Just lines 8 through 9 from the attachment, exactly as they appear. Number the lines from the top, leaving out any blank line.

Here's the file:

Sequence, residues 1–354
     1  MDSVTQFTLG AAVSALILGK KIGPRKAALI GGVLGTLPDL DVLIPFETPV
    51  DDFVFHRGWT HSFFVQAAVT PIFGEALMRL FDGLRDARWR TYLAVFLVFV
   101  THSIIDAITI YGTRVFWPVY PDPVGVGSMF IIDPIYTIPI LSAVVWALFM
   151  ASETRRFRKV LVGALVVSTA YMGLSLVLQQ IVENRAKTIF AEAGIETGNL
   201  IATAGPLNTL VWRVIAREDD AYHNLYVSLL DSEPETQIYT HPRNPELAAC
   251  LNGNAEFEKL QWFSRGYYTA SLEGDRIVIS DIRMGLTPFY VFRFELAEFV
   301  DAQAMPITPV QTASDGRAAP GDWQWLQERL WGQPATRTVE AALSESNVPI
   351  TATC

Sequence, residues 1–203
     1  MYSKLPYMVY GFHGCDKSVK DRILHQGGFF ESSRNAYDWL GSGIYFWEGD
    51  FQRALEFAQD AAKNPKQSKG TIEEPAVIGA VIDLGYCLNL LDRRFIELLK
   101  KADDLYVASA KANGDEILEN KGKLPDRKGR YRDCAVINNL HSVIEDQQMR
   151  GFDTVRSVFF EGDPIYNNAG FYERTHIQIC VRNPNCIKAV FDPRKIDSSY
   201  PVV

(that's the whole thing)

   301  DAQAMPITPV QTASDGRAAP GDWQWLQERL WGQPATRTVE AALSESNVPI
   351  TATC